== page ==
Crowds gather in Gettysburg, Pennsylvania, in November 1863, for Abraham Lincoln's cemetery dedication (courtesy of the Library of Congress).
Introduction“Four score and seven years ago….” Those words are familiar to almost every student in America and will immediately evoke the name . Lincoln’s Gettysburg Address is the most quoted speech in American history. Only two minutes long, the speech captures the essence of America and its principles as put forth in the Declaration of Independence. Delivered on November 19, 1863, as a part of a dedication ceremony, the speech transformed the U.S. Civil War from a conflict about slavery to a conflict about being true to the principles upon which the United States was founded. Lincoln’s powerful words are carved into the wall of his memorial, where it is still read daily by thousands of visitors.
- The speech was delivered as part of a ceremony dedicating the Gettysburg battlefield as Soldier’s National Cemetery to honor the Americans who died there. The decisive Battle of Gettysburg, which turned the tide of the war against the South, lasted from July 1 to July 3, 1863, and cost over 8,000 American lives on both sides. An additional 26,000 men were wounded.
- Lincoln was not the primary speaker at the dedication. That honor went to Edward Everett, a popular politician from Massachusetts. Everett spoke for two hours, and his speech was well received in the press. However, Everett himself praised President Lincoln’s speech: “I wish that I could flatter myself that I had come as near to the central idea of the occasion in two hours as you did in two minutes.”
- One myth about the Gettysburg Address is that it was roundly panned by the contemporary press. The criticism was actually split along party lines. The Democrats knocked his speech as silly and ridiculous, while Republicans praised and reprinted it.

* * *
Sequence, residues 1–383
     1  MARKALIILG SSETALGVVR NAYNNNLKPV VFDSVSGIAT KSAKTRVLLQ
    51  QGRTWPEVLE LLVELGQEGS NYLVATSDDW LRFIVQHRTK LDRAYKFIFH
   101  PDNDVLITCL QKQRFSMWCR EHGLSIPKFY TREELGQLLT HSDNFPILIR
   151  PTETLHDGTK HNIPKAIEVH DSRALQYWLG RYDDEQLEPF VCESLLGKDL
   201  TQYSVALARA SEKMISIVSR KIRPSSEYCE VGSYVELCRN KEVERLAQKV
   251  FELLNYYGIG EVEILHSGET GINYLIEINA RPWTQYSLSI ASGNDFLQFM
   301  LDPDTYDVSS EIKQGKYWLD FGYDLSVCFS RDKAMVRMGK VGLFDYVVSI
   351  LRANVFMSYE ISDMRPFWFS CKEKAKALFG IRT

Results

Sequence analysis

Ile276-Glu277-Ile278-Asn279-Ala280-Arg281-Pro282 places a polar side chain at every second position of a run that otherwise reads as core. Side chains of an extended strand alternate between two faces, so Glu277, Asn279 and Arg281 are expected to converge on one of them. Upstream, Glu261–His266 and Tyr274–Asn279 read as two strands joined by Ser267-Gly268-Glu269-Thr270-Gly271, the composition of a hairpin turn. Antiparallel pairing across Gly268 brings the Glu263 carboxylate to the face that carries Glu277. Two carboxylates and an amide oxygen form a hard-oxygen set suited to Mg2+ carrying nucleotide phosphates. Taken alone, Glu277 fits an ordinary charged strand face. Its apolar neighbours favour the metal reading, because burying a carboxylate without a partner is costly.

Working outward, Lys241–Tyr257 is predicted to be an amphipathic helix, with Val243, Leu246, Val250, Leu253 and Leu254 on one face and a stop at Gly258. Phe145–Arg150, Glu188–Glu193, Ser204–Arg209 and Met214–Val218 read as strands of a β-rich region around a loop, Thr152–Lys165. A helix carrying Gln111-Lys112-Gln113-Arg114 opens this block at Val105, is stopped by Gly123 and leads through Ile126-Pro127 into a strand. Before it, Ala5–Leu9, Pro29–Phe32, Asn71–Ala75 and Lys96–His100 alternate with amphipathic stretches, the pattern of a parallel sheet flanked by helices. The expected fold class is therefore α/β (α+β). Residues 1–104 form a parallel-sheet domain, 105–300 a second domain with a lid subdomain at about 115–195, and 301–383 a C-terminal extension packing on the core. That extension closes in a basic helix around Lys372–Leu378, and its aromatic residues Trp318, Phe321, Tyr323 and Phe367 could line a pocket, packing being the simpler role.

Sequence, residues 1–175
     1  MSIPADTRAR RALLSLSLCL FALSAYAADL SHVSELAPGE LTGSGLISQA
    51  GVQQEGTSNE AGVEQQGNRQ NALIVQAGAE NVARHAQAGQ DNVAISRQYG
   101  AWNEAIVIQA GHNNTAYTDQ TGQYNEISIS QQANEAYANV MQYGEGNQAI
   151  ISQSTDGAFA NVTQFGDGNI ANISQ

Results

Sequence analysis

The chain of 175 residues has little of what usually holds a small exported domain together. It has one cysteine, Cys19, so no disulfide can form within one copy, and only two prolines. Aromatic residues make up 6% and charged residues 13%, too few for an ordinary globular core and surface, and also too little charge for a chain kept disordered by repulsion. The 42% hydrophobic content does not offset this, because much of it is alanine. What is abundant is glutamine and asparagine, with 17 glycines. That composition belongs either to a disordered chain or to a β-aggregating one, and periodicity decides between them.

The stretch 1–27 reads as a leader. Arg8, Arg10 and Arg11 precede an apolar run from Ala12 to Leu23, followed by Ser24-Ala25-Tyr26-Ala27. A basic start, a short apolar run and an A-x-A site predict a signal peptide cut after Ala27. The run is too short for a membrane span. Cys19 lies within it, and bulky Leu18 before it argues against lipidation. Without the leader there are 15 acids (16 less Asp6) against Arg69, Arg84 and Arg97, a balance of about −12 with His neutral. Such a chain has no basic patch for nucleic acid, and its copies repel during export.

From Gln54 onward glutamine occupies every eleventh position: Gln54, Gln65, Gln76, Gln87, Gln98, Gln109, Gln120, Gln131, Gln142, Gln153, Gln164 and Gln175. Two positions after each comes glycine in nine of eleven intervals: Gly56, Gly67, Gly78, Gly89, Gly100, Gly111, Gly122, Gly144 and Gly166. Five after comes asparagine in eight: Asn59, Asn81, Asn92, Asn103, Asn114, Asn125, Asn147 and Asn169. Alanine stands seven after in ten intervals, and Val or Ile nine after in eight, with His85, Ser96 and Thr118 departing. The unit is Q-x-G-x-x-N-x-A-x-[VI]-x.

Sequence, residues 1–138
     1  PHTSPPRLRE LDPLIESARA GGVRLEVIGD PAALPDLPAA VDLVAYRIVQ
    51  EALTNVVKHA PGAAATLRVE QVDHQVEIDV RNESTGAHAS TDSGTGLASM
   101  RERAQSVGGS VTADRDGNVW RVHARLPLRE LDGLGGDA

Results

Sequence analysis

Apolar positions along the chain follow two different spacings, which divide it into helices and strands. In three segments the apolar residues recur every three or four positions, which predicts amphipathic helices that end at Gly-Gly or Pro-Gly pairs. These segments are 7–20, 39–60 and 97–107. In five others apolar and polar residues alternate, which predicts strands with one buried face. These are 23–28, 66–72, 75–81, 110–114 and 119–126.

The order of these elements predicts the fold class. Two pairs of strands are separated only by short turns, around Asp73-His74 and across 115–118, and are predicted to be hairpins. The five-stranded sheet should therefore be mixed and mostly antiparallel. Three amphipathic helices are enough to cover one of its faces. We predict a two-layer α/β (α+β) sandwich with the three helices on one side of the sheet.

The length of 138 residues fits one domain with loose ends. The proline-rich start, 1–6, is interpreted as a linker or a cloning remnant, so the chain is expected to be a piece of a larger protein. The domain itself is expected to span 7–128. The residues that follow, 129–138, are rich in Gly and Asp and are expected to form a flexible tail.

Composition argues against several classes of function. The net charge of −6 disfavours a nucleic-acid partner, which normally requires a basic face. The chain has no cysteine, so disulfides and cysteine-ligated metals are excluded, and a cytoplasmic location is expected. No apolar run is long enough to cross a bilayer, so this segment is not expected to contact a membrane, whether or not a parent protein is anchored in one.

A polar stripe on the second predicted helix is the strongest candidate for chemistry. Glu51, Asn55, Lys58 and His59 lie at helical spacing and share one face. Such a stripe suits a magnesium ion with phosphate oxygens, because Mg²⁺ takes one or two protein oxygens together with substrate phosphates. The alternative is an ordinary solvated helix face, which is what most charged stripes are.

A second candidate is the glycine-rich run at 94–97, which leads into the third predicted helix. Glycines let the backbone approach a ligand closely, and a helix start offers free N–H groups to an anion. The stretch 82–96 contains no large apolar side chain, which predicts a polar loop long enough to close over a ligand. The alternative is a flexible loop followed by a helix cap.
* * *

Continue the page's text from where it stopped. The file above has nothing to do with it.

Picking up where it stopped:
- There are five known manuscripts of the Gettysburg Address. Two of the manuscripts date to the time of the speech, and the others were written later. There are several differences among the copies, but the one known as the “Bliss” copy is the standard version of the text. It now hangs in the White House…in the Lincoln Room, of course.
- Although Lincoln could write great speeches, many did not enjoy his presentation of them. According to eyewitnesses, he spoke clearly with few mistakes but his voice could be “high pitched and unpleasant.”
All Resources by Category
- Additional Resources
- Abraham Lincoln - Information, Facts, and Links
- Abraham Lincoln Biography
- Abraham Lincoln Biography / Profile - Salem on Literature
- Abraham Lincoln: The Gettysburg Address: American Civil War ...
- Addresses Summary - Abraham Lincoln - Salem on Literature
- American Civil War Primary Sources
- American Civil War Timeline: American Civil War - Classroom
- Lincoln at Gettysburg Review - Garry Wills - Salem on Literature
- Lincoln, Abraham: West's Encyclopedia of American Law
- US Civil War - Information, Facts, and Links
- What Was The Significance Of The Battle Of Gettysburg? - History ...
- Where to Learn More: American Civil War - Classroom
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